Top stories: Slow COVID-19 stats; border wall protest; COVID-19 webinars


The Gilred Latin American Studies Building at University of California, San Diego on April 9, 2002.

SAN DIEGO (Border Report) — Border Report’s California, El Paso region and South Texas correspondents share the top stories from along the U.S.-Mexico Border. Here are the headlines for April 9 from the Border Report team.

Lawmakers want border-wall construction to stop for safety of border communities

Four members of Congress have sent the leaders of three federal agency a letter demanding that border wall construction stop during this COVID-19 pandemic, saying it puts border communities at “grave risks.” The letter came after advocacy groups, such as the Texas Civil Rights Project, have been calling for weeks for border wall construction in the Southwest to halt, and have even circulated a petition. However, advocates say rather than slow down, border wall construction and federal attempts to acquire borderland is actually speeding up during this coronavirus crisis. Read Sandra Sanchez’s report.

Learn about COVID-19’s effects along southern border through series of webinars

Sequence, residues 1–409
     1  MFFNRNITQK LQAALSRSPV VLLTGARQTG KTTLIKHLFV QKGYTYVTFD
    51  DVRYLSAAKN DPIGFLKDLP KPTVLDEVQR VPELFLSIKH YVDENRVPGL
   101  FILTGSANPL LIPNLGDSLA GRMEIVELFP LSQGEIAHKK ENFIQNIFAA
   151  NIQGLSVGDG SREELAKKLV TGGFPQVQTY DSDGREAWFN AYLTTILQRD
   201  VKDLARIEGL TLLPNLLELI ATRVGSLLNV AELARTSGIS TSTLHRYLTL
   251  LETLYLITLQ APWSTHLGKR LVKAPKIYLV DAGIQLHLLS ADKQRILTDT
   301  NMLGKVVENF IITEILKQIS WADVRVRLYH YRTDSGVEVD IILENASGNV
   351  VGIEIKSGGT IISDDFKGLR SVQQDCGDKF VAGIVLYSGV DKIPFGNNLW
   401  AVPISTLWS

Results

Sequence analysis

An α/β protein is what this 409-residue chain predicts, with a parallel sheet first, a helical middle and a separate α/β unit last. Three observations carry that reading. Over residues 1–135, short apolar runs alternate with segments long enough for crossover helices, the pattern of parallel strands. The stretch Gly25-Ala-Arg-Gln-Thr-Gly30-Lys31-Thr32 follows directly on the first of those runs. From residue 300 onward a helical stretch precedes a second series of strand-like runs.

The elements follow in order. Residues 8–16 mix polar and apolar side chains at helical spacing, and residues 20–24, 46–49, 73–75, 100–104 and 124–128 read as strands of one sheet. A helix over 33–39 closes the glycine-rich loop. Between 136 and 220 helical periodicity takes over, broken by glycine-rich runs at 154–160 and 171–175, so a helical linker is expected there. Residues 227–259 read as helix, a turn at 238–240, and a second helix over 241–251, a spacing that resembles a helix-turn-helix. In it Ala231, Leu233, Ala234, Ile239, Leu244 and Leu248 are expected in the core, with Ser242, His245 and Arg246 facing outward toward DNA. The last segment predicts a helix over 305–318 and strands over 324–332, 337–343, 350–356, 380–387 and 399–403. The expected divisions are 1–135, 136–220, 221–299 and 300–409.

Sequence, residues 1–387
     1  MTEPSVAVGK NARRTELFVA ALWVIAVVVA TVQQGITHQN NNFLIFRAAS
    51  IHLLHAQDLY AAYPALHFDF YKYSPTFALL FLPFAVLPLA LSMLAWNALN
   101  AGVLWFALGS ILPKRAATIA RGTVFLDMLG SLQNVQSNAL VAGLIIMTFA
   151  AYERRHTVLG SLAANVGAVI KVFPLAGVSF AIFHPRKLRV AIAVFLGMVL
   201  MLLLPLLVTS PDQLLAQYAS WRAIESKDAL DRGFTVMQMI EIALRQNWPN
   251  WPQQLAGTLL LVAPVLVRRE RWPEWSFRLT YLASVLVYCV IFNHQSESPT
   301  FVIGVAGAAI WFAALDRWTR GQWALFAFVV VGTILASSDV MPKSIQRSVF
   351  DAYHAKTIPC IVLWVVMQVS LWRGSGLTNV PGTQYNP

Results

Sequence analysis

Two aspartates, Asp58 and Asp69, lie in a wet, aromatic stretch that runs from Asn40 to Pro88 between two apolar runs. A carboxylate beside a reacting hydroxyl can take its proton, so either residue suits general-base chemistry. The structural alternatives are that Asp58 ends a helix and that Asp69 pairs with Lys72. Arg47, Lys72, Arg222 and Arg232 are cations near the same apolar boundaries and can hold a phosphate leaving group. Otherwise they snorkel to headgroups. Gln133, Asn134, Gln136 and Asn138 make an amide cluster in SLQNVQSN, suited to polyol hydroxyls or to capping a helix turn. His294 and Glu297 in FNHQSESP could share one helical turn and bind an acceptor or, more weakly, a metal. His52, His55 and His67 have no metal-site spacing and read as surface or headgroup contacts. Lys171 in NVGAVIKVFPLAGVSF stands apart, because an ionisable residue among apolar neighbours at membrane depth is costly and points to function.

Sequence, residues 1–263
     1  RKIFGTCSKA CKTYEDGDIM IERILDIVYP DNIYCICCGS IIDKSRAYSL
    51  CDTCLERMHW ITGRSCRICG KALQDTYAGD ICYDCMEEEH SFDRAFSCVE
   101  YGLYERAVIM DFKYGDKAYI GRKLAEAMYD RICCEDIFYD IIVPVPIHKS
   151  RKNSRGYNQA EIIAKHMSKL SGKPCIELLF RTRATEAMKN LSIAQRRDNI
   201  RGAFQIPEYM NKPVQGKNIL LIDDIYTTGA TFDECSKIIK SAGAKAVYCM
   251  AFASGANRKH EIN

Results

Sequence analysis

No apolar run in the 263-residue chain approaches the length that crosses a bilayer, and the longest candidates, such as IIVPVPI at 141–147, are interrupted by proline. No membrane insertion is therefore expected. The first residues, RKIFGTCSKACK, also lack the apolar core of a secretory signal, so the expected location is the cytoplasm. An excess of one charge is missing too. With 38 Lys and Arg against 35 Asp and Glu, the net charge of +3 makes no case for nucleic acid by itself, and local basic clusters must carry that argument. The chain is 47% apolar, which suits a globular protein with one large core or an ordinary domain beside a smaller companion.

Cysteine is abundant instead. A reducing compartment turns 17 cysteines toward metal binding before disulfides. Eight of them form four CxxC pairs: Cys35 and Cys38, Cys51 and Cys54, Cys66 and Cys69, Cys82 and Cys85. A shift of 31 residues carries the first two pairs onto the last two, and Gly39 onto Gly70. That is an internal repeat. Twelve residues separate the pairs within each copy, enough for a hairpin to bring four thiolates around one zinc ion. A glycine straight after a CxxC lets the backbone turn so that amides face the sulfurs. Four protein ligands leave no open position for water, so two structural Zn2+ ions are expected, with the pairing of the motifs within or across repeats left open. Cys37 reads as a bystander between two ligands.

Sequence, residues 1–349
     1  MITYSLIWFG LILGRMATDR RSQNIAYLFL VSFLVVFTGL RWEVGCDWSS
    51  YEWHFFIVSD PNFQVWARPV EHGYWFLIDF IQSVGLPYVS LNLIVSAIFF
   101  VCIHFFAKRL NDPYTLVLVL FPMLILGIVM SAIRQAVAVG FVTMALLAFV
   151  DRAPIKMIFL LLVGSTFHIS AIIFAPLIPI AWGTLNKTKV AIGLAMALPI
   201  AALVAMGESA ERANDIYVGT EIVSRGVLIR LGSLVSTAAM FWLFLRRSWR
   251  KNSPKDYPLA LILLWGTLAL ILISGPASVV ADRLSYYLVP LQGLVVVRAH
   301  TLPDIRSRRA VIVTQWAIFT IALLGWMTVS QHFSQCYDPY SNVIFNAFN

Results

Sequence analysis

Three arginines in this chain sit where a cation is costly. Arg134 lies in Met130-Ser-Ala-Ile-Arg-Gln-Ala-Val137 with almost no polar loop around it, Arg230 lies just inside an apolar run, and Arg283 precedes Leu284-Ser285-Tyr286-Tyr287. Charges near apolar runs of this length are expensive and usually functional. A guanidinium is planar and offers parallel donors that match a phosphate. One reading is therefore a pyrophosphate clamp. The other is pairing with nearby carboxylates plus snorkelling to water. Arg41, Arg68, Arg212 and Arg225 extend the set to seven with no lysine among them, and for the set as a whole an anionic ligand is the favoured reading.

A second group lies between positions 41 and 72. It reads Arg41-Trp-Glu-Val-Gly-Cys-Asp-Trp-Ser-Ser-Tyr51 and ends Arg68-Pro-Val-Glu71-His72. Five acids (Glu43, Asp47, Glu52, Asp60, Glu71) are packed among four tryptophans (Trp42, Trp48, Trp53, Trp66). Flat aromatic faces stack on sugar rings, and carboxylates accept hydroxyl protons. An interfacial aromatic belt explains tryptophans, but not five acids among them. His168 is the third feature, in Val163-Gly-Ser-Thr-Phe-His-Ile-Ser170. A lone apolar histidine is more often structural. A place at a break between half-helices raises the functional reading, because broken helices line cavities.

The Center for U.S – Mexican Studies on the campus of UCSD is staging a number of webinars to educate border communities about how COVID-19 is effecting the border’s economy and immigration. Webinar is scheduled for this Friday morning. It will feature a panel of experts who will pass on their take on what’s going on with the virus. Read Salvador Rivera’s report.

BREAKING: 10 dead in Juarez as coronavirus outbreak worse than previously reported

COVID-19 fatalities doubled overnight in Juarez, Mexico, as authorities south of the border admitted they had been slow in reporting the true scope of the epidemic. Juarez on Thursday reported six confirmed and four suspected coronavirus deaths, when just a day before they had stated only four people had died as a result of the disease. Likewise, the city is now reporting 26 COVID-19 cases, but officials said the total number of infections could be 10 times as large. Read Julian Resendiz’s report.

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